The complaint concludes with the allegations that: "the interference by these defendants with the business of the West Coast Poultry Company is a direct interference with the right of the plaintiff to peacefully operate his business and earn a livelihood for himself and his family. That the acts of the defendants under color of law as hereinabove set out deprived the plaintiff of his privileges and immunities, guaranteed to him as a citizen of the United States by Section 1 of Amendment 14 of the Constitution of the United States all to plaintiff's damage in the sum of $250,000.00."
Motions to dismiss the action were filed on behalf of the defendants Orlanski, Friedman and Zilberstein; on behalf of the defendants Bauman and the United Orthodox Rabbinate of Greater Los Angeles; on behalf of the defendant Etner; and on behalf of the defendant Glasner. The ground relied upon in all motions was that the complaint fails to state a claim upon which relief may be granted.
Various theories or reasons were advanced in the several motions seeking dismissal of the action on the ground above mentioned. Such theories or reasons may be summarized as follows:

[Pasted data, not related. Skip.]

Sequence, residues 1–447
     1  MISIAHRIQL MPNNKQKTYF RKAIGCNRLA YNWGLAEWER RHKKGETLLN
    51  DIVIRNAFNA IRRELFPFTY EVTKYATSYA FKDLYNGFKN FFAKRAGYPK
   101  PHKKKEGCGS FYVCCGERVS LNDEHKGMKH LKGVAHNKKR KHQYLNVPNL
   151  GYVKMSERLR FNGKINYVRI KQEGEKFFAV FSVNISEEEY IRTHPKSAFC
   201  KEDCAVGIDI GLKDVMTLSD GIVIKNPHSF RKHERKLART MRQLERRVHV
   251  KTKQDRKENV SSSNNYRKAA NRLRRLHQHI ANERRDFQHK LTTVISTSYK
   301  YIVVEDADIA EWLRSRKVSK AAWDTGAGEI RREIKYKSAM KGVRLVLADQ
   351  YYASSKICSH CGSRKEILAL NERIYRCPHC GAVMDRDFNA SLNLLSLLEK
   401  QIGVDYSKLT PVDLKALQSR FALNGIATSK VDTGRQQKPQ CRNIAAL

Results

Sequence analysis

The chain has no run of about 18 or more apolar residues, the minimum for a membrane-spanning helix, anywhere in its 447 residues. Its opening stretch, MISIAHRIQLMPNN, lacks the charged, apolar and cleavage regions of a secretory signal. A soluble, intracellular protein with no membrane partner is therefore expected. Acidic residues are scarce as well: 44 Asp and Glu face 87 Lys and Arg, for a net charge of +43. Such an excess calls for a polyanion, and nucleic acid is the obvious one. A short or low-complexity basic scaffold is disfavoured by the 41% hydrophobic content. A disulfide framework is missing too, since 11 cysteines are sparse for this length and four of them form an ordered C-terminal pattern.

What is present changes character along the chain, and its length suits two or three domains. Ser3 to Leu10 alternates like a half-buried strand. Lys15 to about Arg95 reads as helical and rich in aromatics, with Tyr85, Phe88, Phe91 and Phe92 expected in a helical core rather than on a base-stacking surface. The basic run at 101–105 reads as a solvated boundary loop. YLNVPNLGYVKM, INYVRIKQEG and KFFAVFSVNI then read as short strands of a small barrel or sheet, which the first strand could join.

(1) That defendant Glasner is entitled to immunity from liability on the ground that the overt acts alleged to have been done by him were in his official capacity as the Kosher Food Law Representative of the State of California, and for that reason the complaint fails to state a claim upon which relief can be granted as to him;
(2) That since the complaint does not allege that any defendant except Glasner holds any office or official connection with the State of California, no claim is stated against any of the other defendants for the reason that the Civil Rights Statute does not reach the alleged invasion of individual rights by other individuals;
(3) That since Glasner, as a public official of the State of California, is immune from liability such immunity attaches to all other defendants;
(4) That plaintiff has no standing to sue because the claimed detriment or injury was to the business of the corporation to which the rights, privileges and immunities of Section 1 of the Fourteenth Amendment do not extend;
(5) That the United Orthodox Rabbinate of Greater Los Angeles is an ecclesiastical body whose defendant-members perform a judicial function in the supervision of the dietary laws of the Jewish religion, and its rabbi members are clothed with the same immunity as trial and appellate judges of the State of California; and